Burkina Faso: Amid growing instability, France signals that it will reduce its military presence | Africa | DW
Burkina Faso recently witnessed one of the bloodiest terrorist attacks in its history. On the first weekend of June, armed men attacked the village of Solhan in Yagha province in northern Sahel state, torched houses and killed at least 138 people. President Roch Marc Christian Kabore called the attack “barbaric”.
The violence and insecurity caused by terrorist attacks are not new to the region. Fear is a constant for many people who live along the border with Mali and Niger.
The government has attempted to strengthen security by strengthening the military presence in the border region. But attacks by local armed groups have nonetheless increased in recent months, according to Alex Vines of London think tank Chatham House. The United Nations Refugee Agency (UNHCR) has reported that more than a million people have fled the area, fearing terrorist attacks and militia groups, especially in the north and east. Some militias originate from Mali and are often close to terrorist groups such as the Islamic State (IS) or Al-Qaeda.
Gold mines are a lure for terrorists
Experts suspect that one of the reasons for the attacks in Burkina Faso is its gold reserves. In Solhan, people depend on gold mining for their livelihood. Gold is also mined in other villages in Yagha province, on the border with Niger.
The assault on Solhan was not the only one that night in early June: 14 other people died in an attack on Tadaryat. President Kaboré immediately suspended gold mining in the affected provinces to prevent further attacks.
France announces that it will reduce the size of its troops in Burkina Faso and end Operation Barkhane
“Terrorist attacks against artisanal gold mines in Burkina Faso are frequent because gold is very important for the survival of armed groups,” Burkinabe political scientist Lionel Bilgo told DW Africa. “Terrorism is a form of economy. To survive you need financial resources. Not just to buy weapons, but also to recruit people.”
A war economy developed around the gold rush, including the payment of protection to Islamists, explains Alex Vines: “This is an area that benefits armed groups, but also extortion. local population.
According to a study by the Economic and Social Observatory of Burkina Faso, terrorists have raised the equivalent of more than 100 million euros ($ 121 million) since 2016 through mine attacks and artisanal exploitation of gold.
Burkina Faso, a State without a vision?
Analyst Bilgo points out that terrorists are taking advantage of the widespread discontent in the region to recruit new fighters. According to Bilgo, people are aware that gold mining only benefits urban elites. “The state should take into consideration the specific locations that have been damaged during the redistribution of the country’s wealth,” Bilgo said.
The government is focusing first on other measures, such as banning motorcycles in parts of the country. Authorities say the attackers often use motorcycles as a means of transportation. The strategy is rejected by many people. Idrissa Birba, president of the human rights organization NDH-Burkina, qualifies it as counterproductive: “In my opinion, a ban on motorcycles, which the entire population uses every day, and even every night, will do its trade, will have no effect. People are having their income stolen. “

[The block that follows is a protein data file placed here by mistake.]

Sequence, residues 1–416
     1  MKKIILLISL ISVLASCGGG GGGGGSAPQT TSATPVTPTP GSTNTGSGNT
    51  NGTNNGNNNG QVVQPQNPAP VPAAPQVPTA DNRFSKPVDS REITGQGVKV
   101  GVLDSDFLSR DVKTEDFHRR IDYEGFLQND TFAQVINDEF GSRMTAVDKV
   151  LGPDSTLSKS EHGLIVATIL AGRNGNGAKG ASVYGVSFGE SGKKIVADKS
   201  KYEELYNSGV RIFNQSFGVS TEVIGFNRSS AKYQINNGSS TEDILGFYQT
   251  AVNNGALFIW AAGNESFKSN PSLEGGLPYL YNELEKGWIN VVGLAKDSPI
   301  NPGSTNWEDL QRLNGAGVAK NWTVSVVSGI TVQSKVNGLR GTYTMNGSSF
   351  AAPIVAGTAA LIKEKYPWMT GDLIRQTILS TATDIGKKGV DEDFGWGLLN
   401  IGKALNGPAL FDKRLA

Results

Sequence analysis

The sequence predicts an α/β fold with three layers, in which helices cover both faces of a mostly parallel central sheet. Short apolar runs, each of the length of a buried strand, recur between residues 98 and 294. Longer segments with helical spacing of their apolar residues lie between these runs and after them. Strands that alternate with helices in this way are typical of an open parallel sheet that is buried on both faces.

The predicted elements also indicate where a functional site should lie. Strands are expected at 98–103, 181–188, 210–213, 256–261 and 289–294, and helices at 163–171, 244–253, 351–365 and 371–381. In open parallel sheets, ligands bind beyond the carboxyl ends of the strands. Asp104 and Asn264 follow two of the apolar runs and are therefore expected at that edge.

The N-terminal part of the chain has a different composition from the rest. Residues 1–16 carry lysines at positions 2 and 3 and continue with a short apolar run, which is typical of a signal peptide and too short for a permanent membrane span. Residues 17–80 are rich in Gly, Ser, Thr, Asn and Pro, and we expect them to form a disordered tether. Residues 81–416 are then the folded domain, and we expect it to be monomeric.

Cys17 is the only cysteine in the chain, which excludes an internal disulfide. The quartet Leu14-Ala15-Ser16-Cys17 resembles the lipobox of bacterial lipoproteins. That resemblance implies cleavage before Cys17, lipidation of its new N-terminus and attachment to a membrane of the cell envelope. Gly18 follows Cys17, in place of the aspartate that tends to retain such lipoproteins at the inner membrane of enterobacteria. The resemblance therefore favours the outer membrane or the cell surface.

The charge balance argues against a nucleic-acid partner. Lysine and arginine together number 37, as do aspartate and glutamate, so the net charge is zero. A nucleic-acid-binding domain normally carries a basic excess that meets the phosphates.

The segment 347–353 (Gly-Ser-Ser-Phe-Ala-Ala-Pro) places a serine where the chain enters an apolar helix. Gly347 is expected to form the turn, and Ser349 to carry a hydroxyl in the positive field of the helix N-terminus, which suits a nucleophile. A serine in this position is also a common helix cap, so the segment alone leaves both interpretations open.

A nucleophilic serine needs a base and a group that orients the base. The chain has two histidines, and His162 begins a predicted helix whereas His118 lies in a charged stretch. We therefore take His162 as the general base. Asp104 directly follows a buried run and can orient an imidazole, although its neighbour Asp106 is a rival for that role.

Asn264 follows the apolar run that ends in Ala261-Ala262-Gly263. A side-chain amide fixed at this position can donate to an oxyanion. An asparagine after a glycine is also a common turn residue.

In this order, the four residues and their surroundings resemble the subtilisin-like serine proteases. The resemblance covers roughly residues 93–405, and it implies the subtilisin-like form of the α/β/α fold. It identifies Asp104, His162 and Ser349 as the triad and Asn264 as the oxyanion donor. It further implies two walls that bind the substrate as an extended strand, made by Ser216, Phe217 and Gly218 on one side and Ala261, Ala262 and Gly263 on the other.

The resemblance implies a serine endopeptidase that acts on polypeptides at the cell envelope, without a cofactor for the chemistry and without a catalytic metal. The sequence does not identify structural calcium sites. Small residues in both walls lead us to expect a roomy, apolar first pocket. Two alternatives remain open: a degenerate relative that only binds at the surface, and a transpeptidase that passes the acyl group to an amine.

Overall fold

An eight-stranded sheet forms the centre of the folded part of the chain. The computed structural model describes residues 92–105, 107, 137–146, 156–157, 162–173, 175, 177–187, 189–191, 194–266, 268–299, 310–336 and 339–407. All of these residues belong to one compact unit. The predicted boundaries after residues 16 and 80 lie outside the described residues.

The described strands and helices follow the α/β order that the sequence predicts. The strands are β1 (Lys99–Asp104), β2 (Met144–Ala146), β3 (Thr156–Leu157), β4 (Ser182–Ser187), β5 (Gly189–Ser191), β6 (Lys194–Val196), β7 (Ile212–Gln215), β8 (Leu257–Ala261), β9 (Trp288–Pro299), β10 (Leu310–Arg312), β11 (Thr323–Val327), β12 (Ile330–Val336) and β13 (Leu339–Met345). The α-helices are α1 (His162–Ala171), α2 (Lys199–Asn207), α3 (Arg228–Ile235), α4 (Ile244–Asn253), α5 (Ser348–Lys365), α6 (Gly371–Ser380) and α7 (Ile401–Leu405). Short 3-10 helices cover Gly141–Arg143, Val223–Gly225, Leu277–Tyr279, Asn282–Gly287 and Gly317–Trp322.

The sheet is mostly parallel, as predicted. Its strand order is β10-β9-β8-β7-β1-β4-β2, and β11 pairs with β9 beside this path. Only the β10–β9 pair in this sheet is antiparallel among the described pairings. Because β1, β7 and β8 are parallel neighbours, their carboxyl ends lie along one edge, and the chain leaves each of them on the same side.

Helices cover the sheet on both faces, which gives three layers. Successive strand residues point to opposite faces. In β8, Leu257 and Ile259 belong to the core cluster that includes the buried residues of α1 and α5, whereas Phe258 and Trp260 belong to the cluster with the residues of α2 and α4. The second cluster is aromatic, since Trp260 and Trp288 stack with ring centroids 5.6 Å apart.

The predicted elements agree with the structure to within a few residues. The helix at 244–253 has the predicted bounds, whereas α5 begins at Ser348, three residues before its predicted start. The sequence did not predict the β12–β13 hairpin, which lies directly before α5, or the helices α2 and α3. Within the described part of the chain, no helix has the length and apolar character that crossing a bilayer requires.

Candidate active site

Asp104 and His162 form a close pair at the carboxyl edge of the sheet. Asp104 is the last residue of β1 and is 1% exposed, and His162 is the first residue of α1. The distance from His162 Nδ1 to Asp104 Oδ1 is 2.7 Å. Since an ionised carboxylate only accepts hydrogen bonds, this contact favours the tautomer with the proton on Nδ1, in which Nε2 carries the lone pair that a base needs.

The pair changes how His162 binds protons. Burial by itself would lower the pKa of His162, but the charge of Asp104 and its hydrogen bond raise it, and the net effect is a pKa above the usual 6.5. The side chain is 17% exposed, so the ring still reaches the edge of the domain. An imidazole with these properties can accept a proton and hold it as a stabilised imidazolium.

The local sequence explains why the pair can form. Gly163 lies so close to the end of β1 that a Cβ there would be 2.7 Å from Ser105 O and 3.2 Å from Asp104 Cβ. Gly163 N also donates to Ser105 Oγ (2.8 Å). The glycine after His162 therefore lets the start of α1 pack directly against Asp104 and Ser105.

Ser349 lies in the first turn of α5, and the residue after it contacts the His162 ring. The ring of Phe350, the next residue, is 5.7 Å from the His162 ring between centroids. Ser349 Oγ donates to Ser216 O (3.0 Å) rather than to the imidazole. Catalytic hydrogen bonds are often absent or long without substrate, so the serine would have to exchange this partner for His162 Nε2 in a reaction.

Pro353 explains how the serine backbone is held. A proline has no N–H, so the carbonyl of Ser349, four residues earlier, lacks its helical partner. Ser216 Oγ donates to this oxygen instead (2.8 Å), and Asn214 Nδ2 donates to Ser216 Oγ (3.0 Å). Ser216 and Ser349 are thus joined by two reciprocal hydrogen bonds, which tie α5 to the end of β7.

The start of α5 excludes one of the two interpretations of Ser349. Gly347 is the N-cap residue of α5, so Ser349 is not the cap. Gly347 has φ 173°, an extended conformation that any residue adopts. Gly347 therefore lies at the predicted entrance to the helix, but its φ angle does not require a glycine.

Sociologist Jacob Yarabatioula believes that there is a crisis of confidence between the population and the authorities: “If we do not take advantage of it to resolve the problems that exist within the government or the army, between the population and the State, it will become a vicious cycle. “Yarabatioula added that the authorities do not have a long-term vision. He gave an example:” The government has refrained from entering into dialogue with armed Islamists, although that part of the local population asked for it.
France plans to withdraw its troops
The problems in northern Burkina Faso are deeply linked to the tense security situation throughout the Sahel region. Some experts are worried about the end of the eight-year counterterrorism “Operation Barkhane” in France, announced by President Macron last Thursday. To date, the former colonial power has up to 5,100 troops deployed in the region. Macron said the French military presence would be realigned following the recent coup in Mali, a country neighboring Burkina Faso.
The withdrawal of French troops will be a difficult test for Sahel states, according to security expert Mahamadou Sawadogo. “The French army is leaving the Sahel at the precise moment when the armed groups are strengthening,” he told DW, adding that the regional armies depended on the logistics of Operation Barkhane and on French troops for their own effectiveness. .
“These armies must now adapt or join forces to develop further, in order to be able to counter terrorist groups, some of which are more powerful and much better organized,” said Sawadogo.
This article was translated from German by Abu-Bakarr Jalloh.